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Stolen Laptop Contained the PHI of Dignity Health Patients

Resource Anesthesiology Associates (RAA) of California has started notifying certain patients of Dignity Health’s Mercy Hospital Downtown and Mercy Hospital Southwest that some of their protected health information was stored on a laptop computer that was stolen.

RAA of California provides anesthesiology services at the Dignity Health hospitals, which requires access to patient data. On July 8, the laptop was stolen from an RAA of California administrator. The theft was reported to law enforcement, but the device has not been recovered.

RAA of California conducted an investigation to determine which patient information was stored on the device and could potentially be accessed. The review confirmed the following types of information were stored on the device: Names, addresses, dates of birth, provider names, dates of service, diagnoses and treatment information, health insurance information, and other information related to patients’ medical care.

The laptop computer was protected with a password, which provides a degree of protection against unauthorized access. However, passwords can be cracked, so there is a risk that information on the laptop could be viewed by unauthorized individuals. RAA of California said to date there has been no evidence found which indicates any of the information stored on the laptop computer has been accessed or misused.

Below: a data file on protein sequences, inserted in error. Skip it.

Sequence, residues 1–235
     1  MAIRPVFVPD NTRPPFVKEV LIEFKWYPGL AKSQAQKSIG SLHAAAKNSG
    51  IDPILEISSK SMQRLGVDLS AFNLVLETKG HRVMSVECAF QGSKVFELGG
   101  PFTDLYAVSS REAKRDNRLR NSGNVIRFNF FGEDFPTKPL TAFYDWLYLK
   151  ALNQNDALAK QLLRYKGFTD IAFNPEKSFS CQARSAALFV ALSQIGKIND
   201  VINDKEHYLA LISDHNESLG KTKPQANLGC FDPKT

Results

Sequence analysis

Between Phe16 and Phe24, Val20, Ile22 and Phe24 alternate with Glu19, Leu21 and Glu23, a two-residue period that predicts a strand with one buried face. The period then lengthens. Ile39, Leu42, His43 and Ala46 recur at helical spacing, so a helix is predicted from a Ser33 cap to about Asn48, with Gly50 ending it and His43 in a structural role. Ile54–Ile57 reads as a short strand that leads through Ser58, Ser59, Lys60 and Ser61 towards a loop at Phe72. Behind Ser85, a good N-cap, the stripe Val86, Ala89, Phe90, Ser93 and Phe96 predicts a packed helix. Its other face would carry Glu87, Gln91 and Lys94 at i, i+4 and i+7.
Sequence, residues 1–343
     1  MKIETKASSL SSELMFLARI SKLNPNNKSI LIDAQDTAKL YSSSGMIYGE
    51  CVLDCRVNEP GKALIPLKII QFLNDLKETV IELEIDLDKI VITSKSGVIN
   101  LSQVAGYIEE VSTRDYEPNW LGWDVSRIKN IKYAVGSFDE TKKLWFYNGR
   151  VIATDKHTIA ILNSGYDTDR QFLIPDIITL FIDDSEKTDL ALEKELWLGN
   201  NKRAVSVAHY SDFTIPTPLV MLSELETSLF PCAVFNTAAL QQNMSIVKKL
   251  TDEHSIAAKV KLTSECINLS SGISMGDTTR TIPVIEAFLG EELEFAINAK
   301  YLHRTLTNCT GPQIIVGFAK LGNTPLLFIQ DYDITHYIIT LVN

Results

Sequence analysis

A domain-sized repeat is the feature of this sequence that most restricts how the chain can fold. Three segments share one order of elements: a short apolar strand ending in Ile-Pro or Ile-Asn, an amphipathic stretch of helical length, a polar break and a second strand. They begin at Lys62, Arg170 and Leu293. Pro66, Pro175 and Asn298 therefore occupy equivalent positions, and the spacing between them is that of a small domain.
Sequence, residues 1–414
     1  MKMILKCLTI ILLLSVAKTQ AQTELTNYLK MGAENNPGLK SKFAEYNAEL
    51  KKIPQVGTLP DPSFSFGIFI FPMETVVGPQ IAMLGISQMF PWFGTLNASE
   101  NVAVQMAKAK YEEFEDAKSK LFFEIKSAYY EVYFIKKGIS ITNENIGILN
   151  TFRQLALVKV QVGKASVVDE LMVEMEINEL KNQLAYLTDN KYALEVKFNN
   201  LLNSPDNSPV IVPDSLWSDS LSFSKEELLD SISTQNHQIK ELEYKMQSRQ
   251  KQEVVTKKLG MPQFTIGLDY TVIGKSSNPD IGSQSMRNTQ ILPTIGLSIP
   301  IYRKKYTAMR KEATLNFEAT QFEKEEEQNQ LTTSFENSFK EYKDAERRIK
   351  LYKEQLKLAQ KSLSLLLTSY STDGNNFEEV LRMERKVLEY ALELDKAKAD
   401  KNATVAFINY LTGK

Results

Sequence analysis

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RAA of California believes the risk of misuse of patient data is low but, out of an abundance of caution, is offering affected individuals a complimentary membership to identity theft protection services through IDX. Patients will receive 12 months of CyberScan monitoring and will be protected by a $1 million identity theft insurance policy, which includes fully managed identity theft recovery services.

Author: Steve Alder is the editor-in-chief of HIPAA Journal. Steve is responsible for editorial policy regarding the topics covered on HIPAA Journal. He is a specialist on healthcare industry legal and regulatory affairs, and has several years of experience writing about HIPAA and other related legal topics. Steve has developed a deep understanding of regulatory issues surrounding the use of information technology in the healthcare industry and has written hundreds of articles on HIPAA-related topics.